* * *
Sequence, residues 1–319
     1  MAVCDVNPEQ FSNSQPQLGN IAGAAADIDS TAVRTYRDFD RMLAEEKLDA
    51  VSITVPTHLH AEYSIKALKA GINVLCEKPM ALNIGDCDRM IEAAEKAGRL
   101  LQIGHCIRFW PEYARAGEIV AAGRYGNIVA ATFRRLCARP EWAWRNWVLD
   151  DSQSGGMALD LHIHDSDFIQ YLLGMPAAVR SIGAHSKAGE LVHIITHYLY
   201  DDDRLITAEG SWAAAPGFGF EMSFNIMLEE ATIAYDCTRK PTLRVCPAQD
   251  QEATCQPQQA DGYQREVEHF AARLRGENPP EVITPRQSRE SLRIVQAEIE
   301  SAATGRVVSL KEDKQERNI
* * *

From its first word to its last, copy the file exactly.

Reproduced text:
Sequence, residues 1–319
     1  MAVCDVNPEQ FSNSQPQLGN IAGAAADIDS TAVRTYRDFD RMLAEEKLDA
    51  VSITVPTHLH AEYSIKALKA GINVLCEKPM ALNIGDCDRM IEAAEKAGRL
   101  LQIGHCIRFW PEYARAGEIV AAGRYGNIVA ATFRRLCARP EWAWRNWVLD
   151  DSQSGGMALD LHIHDSDFIQ YLLGMPAAVR SIGAHSKAGE LVHIITHYLY
   201  DDDRLITAEG SWAAAPGFGF EMSFNIMLEE ATIAYDCTRK PTLRVCPAQD
   251  QEATCQPQQA DGYQREVEHF AARLRGENPP EVITPRQSRE SLRIVQAEIE
   301  SAATGRVVSL KEDKQERNI